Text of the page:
Despite living in the age of Google with ostensibly ubiquitous access to information, I have been often surprised by the lack of information regarding bespoke tailors - specifically, by the lack of a visual record on the cut and silhouette of the major tailoring houses that survive today in England, Italy, Austria and elsewhere. When searching for a particular tailor on MSN, Yahoo and Google, one will often find a surprising lack of both text and visual information on the look and shape of a tailor's house style. This is especially true of the venerable atelier of Knize & Comp in Vienna. Established in 1858 by a Czech family, Knize currently is situated at Graben 13 in the original premises designed by the influential Viennese architect Adolf Loos. As a modern architect and designer, Loos famously equated architectural ornament with crime (not surprisingly he was philosophically opposed to Art Nouveau or Jugendstil). The store design is notable for its black Swedish granite edifice and the use of soft cherry and oak woods in the interior (link to interior and exterior pictures). Loos also designed the Knize stores in Berlin (1924) and Paris (1927).
Knize today carries high quality men and women's ready-to-wear (Konfektionsware) but it is most well-known for its bespoke suits (Maßanzüge). In Style and the Man, Alan Flusser praises the "three-button, side-vented, soft-shouldered house style" of the Knize suit jacket (or Anzug) with its "rounded-off shape". Flusser notes that Knize is similar to Anderson & Sheppard and Caraceni in its emphasis on a soft shoulder. Notice the very slight waist suppression in the photo of the gray pinstripe three-piece, three-button suit.
As Rudolf Niedersüß, Knize's owner, elaborated in a recent interview in Bank Privat Magazin, the Knize cut (Schnitt) is more comfortable and doesn't conform as closely to the body as perhaps some of the Savile Row silhouettes do ("nicht so knapp sitzen wie bei den Briten" und "vielmehr bequemer"). As a practical matter, this enables the Viennese gentleman to store more things in his jacket pockets. Another observer remarks that the Knize shoulder falls more naturally with the top part flaring down a bit (referring to the concavity of the shoulder and sleevehead I believe), the waist sits a little higher and the trouser legs are longer ("Die Schultern fallen natürlicher, das Oberteil ist nach unten hin ein wenig ausgestellt. Beim Maßfrack sitzt die Taille etwas höher, und die Hosenbeine sind extra lang."). Another unusual feature is a double-row waistcoat or vest as opposed to the more conventional single row.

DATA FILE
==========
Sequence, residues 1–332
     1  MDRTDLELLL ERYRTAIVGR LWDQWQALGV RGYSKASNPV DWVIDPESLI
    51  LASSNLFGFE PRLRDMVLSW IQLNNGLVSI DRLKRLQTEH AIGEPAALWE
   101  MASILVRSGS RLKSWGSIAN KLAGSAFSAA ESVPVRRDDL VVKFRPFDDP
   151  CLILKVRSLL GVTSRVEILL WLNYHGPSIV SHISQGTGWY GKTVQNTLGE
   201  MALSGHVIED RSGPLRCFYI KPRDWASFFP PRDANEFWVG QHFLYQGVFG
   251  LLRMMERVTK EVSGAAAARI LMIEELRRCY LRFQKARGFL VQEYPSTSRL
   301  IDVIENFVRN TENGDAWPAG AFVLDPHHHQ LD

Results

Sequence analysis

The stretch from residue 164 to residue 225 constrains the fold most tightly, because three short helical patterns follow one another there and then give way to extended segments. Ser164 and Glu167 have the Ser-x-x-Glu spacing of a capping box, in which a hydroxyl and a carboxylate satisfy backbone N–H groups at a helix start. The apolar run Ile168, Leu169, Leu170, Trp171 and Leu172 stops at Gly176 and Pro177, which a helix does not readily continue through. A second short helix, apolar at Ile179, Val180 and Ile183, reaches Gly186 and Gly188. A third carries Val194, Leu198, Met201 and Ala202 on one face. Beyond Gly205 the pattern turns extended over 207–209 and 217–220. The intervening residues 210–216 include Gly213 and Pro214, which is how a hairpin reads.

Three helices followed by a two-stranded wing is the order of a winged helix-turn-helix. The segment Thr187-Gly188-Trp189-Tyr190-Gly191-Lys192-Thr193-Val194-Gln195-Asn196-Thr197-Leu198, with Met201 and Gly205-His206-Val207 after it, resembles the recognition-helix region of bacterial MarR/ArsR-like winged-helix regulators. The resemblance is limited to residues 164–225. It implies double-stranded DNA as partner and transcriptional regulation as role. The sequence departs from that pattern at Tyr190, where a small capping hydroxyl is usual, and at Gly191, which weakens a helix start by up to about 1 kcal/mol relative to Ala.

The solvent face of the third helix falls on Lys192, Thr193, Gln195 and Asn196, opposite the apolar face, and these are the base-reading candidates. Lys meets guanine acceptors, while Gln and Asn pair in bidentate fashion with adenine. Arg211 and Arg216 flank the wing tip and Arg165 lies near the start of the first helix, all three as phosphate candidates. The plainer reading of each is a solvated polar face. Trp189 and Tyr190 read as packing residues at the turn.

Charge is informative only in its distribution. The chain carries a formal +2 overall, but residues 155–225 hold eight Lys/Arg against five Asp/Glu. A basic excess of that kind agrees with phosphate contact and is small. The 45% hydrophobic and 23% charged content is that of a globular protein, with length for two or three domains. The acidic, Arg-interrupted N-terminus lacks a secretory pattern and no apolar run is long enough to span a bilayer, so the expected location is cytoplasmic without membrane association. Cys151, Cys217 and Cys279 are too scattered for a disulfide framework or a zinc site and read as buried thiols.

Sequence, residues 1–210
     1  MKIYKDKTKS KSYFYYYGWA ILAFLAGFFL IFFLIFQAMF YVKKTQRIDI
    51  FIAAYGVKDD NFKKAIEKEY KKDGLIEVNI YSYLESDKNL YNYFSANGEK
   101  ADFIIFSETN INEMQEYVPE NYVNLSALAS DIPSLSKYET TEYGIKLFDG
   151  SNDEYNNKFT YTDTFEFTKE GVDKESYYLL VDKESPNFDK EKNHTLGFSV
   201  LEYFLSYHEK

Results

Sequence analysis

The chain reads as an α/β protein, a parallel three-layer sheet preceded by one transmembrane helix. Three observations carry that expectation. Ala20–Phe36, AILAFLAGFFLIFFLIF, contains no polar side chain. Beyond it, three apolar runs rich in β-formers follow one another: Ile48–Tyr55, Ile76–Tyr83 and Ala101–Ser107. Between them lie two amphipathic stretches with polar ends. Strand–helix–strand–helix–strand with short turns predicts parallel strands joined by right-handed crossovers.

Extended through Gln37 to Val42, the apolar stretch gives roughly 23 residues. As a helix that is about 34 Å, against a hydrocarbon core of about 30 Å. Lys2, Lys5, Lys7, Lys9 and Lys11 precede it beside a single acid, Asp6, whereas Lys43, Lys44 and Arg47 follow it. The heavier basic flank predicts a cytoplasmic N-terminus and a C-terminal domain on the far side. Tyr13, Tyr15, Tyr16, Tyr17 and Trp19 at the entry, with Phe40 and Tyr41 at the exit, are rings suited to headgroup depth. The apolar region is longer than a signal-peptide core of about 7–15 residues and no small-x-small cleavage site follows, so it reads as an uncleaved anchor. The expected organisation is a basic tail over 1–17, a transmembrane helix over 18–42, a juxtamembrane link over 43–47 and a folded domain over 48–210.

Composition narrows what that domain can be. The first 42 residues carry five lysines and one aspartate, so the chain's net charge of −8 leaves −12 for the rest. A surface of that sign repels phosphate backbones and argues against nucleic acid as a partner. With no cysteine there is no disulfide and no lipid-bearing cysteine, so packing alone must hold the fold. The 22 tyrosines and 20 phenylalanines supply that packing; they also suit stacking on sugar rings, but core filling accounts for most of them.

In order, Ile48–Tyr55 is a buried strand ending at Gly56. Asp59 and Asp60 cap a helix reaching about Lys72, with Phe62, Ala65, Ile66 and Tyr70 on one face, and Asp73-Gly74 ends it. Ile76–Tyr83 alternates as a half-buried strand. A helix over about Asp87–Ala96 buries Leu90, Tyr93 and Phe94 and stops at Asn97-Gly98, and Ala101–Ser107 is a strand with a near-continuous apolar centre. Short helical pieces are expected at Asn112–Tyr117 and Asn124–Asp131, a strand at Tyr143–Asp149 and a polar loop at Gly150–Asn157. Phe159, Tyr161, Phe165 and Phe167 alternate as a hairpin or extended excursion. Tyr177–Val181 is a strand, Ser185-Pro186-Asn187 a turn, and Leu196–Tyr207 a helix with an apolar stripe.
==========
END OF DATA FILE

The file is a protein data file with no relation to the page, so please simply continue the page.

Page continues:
Knize is also known for its men's and women's toiletries, specifically the Knize Ten fragrance released in 1924. If you're planning to visit Vienna or Central Europe, there is a very informative AskAndy post on recommended restaurants and shops (including a Viennese glovemaker and a former Imperial court jeweller). You might also find that this NY Times Style Magazine interactive map of Vienna may whet your appetite to plan a trip to Mitteleuropa. Lastly, Fodor's has a nice destination guide listing fine shops, restaurants and sights.